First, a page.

Eyetracking Shows Web Audience Ignores Ads

A newly released eyetracking study by usability guru Jakob Nielsen shows that online banner blindness is worsening. Nielsen says that banner ads (indicated by green outlines in his heat maps below) didn’t even receive light focus from skimmers, scanners and readers—and neither did non-ad content in the same areas.

eyetracking heat maps by Jakob Nielsen show complete blindness to banner ads and banner-like elements in web pages

Nielsen concludes, much to his own dismay, that the best way to get people to look at your ads is to make them look like actual content—much like advertising in magazines and newspapers masquerades as editorial content (gotta look for that tiny little ‘advertisement’ notice at the top). That doesn’t mean, however, a 300×300 AdSense block as the first thing in your blog’s text will trick people into think that it’s content and clicking on it. That’s just annoying. (via)

New York Times Getting Personal(ized)

The New York Times has announced a free personalization service called MyTimes. (The “cleverness” in the name becomes more apparent when you remember that the common abbreviation—and URL—for the paper is the NYTimes. ;) )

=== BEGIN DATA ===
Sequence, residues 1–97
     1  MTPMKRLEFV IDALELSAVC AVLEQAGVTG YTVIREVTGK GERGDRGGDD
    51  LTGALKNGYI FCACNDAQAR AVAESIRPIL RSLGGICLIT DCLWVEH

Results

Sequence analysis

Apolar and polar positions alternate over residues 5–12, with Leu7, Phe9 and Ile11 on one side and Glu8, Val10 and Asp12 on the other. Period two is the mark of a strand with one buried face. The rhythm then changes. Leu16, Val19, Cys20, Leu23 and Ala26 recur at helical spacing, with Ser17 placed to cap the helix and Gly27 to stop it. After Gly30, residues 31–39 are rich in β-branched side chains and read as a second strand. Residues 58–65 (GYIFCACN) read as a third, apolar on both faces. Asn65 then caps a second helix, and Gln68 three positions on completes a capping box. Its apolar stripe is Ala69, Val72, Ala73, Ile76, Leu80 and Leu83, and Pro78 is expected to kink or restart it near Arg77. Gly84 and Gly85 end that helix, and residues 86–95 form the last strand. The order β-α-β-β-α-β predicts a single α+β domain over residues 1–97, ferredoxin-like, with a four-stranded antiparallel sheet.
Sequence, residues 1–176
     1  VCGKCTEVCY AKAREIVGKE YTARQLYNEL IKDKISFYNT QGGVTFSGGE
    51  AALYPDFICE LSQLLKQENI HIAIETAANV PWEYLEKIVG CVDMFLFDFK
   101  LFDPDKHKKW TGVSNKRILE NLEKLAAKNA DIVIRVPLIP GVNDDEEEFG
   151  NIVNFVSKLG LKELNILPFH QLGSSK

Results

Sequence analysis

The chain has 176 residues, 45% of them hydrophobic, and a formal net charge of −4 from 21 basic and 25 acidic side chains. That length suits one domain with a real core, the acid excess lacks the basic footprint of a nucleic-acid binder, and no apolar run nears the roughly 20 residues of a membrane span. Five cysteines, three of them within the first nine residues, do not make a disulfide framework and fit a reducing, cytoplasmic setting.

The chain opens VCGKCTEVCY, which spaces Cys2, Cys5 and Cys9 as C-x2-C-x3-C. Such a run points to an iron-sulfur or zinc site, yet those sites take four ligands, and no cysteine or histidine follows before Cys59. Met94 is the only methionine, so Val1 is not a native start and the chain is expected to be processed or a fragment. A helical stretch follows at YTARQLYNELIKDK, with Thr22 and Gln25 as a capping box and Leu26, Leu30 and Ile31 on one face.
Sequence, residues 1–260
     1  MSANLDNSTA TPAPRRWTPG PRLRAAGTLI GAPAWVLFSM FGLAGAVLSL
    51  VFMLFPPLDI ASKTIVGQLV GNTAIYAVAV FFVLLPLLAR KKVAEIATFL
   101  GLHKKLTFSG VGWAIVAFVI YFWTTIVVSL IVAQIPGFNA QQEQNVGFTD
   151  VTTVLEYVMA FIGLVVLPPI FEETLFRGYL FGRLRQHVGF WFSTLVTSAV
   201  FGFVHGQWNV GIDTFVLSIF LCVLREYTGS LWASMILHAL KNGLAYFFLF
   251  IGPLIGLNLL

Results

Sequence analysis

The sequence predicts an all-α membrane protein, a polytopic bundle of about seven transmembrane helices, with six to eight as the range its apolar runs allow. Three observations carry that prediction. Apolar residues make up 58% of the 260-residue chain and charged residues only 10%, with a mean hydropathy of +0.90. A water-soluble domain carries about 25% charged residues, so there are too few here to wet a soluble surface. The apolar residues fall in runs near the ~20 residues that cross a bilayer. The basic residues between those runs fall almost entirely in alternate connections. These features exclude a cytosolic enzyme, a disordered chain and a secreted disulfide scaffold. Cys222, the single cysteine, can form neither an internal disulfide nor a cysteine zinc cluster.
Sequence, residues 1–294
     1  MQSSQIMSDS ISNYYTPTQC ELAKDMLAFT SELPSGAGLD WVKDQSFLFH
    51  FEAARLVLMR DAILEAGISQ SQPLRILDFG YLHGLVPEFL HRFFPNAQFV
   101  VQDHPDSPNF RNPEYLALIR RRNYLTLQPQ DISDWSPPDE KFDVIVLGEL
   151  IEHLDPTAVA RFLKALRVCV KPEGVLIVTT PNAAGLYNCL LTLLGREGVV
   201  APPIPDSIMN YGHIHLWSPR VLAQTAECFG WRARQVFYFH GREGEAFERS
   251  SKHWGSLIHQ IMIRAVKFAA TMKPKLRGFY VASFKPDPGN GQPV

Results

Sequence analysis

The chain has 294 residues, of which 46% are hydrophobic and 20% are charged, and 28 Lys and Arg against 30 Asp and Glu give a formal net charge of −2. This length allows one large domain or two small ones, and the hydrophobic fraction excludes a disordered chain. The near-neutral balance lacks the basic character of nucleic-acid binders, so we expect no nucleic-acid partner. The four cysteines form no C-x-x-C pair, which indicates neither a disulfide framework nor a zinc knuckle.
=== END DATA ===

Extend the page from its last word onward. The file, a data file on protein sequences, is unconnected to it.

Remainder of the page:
the NY Times new personalized start page, MyTimes, with added RSS feed

The Times’ First Look blog lists MyTimes as in private beta in the main text, and describes it as a

personalized service [which] makes it easy for you to read all that you like, from one central place. You can further personalize your my Times page by adding up-to-date weather information of your city, movie showtimes in theaters near you, or display your favorite flickr photos. We are constantly adding more widgets to my Times, so make sure you keep checking this blog.

The sidebar, with updated posts, explains that MyTimes entered open beta on Monday.

The WAA Standardizes Web Analytics Terms

Analytics software can be confusing, and it is often difficult to decipher what you really need to pay attention to. Comparing data from multiple sources can be even more complex because of inconsistencies in reporting techniques. Yesterday at SES, the Web Analytics Association (WAA) offered a potential solution to these issues.

The WAA announced the availability of their new report that will provide standardized definitions for 26 of the most widely used terms in analytics tools and software. WAA members, agencies, vendors, practitioners, and thought-leaders have collaborated for the past 11 months to create these definitions.

The Association’s previous release of web analytics definitions in 2006 focused on three of the most important metrics across all analytics tools and software—unique visitors, page views, and visits/sessions. These terms were defined by the industry and agreed upon and now the WAA has expanded their attention to the other metrics that rely on the original three definitions.

Does the Federal Government Hate Search Engines?